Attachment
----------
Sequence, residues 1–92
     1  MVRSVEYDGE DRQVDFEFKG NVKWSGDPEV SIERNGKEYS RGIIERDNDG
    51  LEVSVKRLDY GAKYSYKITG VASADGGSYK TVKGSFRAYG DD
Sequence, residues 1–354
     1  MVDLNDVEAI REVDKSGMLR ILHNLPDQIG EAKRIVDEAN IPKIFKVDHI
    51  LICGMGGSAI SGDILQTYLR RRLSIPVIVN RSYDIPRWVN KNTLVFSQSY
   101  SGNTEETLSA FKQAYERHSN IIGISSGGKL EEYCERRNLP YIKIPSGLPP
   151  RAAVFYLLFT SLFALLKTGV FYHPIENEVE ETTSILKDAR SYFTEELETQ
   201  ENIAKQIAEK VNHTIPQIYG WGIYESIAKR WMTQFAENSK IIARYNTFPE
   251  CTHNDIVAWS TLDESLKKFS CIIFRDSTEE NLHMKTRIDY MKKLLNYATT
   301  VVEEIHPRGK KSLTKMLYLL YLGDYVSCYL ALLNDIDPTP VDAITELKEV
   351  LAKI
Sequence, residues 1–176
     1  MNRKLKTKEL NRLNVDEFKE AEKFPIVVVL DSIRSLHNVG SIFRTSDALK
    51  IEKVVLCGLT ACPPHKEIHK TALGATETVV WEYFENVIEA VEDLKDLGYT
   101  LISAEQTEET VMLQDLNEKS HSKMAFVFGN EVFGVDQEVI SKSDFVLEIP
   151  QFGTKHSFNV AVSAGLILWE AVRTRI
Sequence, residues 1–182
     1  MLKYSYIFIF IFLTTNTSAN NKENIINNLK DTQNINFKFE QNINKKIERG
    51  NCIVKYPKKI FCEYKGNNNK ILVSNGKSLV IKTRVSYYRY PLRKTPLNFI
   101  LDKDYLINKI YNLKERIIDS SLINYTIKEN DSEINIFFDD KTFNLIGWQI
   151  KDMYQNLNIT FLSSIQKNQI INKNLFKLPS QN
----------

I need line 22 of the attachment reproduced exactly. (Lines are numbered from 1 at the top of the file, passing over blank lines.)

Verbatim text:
   151  KDMYQNLNIT FLSSIQKNQI INKNLFKLPS QN